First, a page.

- ItemOpen AccessUtilization of family planning methods among women on antiretroviral therapy in Dedza district, Malawi(2015-11-01) Namijingo Kamwendo, NancyThere is evidence indicating that HIV infection reduces fertility desires, but does not eliminate it. ART initiation can restore fertility in women, influencing increased fertility intentions. Meeting contraceptive needs of HIV positive women can help avoid unintended pregnancies, which would reduce maternal deaths. Literature has shown that despite being beneficial to mother and child health outcomes, utilization of family planning among clients on ART is low. This study explored current FP use, identified frequent used FP methods and underlying factors among women on ART in Dedza. This was a descriptive quantitative study. Data collection was through face-to-face interviews using a structured questionnaire. The sample consisted of 382 reproductive age women on ART, attending Dedza district hospital ART clinic. Computation of descriptive statistics determined frequencies and proportions. Chi-square test at 5% level of significance determined associations. About 55% (210) of the respondents were using family planning methods, and most of them used condoms, followed by an injectable hormone. Only 74 (48%) used the condom consistently and 103 (49%) used dual methods. Parity of the client was the significant predictor of family planning utilisation for women on ART, at Dedza district ART clinic. Generally, current use of contraceptives other than condoms was very low. These findings highlight the need for integration of family planning services and ART clinics in order to strengthen family planning services among women living with HIV on ART.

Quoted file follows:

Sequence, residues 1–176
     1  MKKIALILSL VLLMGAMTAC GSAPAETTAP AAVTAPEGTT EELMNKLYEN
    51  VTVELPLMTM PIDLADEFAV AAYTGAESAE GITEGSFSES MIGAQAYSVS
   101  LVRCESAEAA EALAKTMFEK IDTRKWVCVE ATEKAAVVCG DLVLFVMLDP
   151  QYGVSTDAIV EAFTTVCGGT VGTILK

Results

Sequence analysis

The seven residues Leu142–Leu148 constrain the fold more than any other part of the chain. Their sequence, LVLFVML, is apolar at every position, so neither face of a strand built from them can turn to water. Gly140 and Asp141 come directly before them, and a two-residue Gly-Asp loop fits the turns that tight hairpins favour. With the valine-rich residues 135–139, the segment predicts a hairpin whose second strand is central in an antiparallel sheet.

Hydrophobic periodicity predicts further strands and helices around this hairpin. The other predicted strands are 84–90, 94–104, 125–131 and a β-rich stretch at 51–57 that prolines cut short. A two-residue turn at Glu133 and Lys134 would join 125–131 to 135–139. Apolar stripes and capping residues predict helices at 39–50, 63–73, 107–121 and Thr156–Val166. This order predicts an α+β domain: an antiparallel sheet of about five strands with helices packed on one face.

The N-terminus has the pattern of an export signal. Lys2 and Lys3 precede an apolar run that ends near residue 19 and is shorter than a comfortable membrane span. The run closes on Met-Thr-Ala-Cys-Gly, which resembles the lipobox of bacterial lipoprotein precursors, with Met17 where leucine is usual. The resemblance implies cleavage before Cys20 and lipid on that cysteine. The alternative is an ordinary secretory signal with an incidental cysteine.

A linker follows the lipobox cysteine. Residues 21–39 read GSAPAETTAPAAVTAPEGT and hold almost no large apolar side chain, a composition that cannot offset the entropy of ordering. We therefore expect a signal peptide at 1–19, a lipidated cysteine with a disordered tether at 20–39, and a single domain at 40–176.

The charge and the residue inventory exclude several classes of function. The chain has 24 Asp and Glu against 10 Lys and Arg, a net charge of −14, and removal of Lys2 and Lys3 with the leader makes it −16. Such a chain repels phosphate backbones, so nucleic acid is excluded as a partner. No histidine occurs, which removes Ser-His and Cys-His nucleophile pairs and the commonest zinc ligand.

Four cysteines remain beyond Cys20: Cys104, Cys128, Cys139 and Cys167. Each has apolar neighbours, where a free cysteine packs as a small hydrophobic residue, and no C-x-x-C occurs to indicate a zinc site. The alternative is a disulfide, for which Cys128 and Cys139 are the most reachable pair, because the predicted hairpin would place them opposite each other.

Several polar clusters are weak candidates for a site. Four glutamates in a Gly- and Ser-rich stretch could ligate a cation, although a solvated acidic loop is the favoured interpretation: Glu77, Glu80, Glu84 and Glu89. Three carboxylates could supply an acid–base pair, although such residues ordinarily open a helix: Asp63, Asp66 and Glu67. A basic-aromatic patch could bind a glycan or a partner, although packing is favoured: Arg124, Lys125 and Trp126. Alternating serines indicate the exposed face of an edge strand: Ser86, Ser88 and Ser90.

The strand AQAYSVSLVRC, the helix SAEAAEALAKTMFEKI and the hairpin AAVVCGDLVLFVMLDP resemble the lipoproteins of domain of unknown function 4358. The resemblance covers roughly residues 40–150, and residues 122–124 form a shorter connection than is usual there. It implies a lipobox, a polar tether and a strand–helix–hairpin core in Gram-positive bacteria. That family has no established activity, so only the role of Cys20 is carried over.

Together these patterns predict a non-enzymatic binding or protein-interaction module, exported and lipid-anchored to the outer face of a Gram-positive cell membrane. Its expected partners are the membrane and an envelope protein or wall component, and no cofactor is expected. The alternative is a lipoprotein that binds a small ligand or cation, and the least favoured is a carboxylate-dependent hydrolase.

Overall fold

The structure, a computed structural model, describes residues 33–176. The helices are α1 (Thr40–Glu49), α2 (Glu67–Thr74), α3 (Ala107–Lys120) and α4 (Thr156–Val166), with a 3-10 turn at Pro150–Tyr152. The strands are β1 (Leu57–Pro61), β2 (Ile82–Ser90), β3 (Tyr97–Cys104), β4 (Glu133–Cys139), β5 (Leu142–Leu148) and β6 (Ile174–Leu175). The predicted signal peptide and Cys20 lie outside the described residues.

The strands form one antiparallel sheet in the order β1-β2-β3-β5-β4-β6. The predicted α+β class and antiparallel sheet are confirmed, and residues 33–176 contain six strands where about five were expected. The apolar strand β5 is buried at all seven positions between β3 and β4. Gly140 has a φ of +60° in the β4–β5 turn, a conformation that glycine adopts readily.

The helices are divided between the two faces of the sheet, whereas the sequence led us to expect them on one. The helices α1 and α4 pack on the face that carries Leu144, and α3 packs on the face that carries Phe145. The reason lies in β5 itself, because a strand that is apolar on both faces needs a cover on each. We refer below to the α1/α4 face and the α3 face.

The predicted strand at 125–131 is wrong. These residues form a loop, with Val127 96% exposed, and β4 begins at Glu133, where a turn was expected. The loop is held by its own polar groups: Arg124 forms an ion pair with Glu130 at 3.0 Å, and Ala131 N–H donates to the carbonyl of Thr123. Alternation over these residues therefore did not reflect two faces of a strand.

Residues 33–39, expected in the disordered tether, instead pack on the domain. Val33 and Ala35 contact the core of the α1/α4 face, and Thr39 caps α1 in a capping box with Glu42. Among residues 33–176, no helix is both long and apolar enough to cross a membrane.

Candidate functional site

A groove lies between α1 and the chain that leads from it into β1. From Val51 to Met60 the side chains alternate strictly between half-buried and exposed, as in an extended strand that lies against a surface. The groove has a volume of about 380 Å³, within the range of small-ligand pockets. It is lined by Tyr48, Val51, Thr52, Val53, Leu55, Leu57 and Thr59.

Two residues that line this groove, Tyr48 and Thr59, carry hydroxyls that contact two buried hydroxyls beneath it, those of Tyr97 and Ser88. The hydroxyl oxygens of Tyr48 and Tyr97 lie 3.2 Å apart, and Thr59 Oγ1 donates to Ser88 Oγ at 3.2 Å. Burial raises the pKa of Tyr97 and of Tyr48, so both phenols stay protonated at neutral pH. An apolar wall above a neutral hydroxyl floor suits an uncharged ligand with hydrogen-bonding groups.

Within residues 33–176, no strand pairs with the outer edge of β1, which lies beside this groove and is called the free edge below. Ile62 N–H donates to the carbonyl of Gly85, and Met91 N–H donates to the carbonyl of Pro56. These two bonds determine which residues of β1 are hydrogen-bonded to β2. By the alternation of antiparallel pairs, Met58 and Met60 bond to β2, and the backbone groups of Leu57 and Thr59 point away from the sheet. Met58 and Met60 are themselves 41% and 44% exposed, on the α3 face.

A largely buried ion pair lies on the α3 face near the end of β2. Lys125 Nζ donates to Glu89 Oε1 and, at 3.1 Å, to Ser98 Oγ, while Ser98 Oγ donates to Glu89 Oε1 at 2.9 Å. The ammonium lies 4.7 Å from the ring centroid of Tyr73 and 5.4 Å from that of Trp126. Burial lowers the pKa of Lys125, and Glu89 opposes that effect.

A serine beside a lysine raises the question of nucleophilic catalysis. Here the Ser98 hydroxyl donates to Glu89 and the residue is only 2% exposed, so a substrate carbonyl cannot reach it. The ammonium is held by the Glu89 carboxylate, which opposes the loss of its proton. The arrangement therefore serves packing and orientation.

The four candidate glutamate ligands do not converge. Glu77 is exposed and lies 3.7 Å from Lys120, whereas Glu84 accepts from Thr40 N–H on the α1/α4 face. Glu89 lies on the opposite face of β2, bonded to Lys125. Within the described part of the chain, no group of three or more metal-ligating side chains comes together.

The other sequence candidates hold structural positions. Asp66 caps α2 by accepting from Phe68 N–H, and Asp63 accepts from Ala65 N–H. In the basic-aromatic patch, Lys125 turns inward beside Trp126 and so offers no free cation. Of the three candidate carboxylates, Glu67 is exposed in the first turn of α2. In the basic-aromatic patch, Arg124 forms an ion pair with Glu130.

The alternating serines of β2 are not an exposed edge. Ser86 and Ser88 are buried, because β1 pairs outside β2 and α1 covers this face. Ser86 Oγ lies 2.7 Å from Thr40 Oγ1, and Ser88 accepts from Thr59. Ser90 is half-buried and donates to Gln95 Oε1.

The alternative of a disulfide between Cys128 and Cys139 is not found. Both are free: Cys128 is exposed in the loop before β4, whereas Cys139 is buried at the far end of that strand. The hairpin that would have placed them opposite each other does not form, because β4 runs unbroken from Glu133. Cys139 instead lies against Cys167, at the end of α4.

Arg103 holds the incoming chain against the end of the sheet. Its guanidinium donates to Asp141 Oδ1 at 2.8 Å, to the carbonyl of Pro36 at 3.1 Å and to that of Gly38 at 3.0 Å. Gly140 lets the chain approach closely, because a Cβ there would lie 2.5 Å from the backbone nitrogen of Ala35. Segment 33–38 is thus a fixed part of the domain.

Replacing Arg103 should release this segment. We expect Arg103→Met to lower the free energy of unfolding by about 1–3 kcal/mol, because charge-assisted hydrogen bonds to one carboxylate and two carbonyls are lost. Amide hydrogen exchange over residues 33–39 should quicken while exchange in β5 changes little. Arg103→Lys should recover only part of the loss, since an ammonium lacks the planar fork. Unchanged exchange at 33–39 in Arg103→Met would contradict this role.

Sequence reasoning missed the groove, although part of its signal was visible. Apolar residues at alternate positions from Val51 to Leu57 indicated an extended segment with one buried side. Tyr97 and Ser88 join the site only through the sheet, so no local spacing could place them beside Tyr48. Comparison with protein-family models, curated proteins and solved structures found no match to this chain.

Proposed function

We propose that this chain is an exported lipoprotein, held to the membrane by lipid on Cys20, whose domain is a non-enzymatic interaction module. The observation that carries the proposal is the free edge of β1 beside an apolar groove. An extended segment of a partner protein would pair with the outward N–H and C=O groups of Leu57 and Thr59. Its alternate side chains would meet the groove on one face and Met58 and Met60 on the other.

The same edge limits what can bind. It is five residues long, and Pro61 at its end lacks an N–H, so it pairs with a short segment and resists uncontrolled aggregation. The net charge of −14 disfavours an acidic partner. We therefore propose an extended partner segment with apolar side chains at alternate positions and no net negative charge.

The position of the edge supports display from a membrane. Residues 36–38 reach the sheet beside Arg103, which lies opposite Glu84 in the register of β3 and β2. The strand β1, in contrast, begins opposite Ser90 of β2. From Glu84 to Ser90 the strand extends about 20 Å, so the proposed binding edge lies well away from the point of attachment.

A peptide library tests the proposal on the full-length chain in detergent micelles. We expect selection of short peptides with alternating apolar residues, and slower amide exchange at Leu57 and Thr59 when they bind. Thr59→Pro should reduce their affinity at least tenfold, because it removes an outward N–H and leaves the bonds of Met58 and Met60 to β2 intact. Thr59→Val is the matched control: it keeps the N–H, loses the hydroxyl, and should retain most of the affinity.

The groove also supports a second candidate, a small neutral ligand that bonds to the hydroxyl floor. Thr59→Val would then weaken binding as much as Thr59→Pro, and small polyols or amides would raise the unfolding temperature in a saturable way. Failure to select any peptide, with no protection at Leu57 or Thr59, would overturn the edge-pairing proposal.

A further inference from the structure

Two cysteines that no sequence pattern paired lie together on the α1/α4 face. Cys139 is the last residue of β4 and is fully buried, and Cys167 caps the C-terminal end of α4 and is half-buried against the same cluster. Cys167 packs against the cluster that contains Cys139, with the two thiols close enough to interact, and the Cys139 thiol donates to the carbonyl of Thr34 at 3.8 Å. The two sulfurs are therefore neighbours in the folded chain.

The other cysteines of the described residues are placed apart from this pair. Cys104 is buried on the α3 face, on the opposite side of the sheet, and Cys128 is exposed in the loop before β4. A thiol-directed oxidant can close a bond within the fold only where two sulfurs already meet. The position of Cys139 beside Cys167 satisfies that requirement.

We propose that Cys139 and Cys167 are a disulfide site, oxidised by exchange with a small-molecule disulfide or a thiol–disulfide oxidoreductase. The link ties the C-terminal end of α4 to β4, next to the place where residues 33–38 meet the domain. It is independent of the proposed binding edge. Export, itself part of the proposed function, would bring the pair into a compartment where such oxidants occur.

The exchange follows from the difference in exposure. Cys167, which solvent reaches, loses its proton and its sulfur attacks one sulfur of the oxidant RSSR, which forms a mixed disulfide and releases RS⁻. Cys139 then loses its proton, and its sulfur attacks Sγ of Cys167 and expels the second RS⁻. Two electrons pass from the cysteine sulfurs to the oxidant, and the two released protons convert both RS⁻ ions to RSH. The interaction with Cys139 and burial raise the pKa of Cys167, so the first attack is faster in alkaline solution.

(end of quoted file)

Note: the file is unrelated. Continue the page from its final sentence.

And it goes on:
- ItemOpen AccessFactors that contribute to effective clinical teaching of student nurse/midwife technicians in Malawi(2015-11-01) Chalera, JaneClinical teaching is an essential task in the production of competent nurse/midwife technicians. There is the increased disease burden in Malawian hospitals in the face of the shortage of nursing staff and at the same time there is increased student intake in nursing colleges with inadequate faculty members (Muula & Maseko, 2005). All these factors negatively affect clinical teaching. A quantitative, descriptive cross sectional design in data collection and analysis was used to investigate factors that contribute to effective clinical teaching of student nurse/midwife technicians in Malawi. Structured questionnaires were used on 130 nurse educators who consented to take part in the study. A response rate of 94% was achieved. SPSS version 19.0 was used to analyse the data. Results of this study revealed the factors that contribute to effective clinical teaching as: clinical teaching environment (79.9%, n=104), use of innovative clinical teaching methods(18.6%, n=24), adequate clinical teaching resources (10.2%, n=13), small number of nursing students (71.2, n=93), year of study (44.1%, n=57) and learning outcomes for the clinical setting (54.2%, n=70).Among the recommendations is empowering nursing students to actively participate in their own learning and evaluation of own achievement of clinical objectives as these are critical to their development as competent, self-directing professionals, capable of assuming responsibilities inherent in the ever-changing and expanding health care system.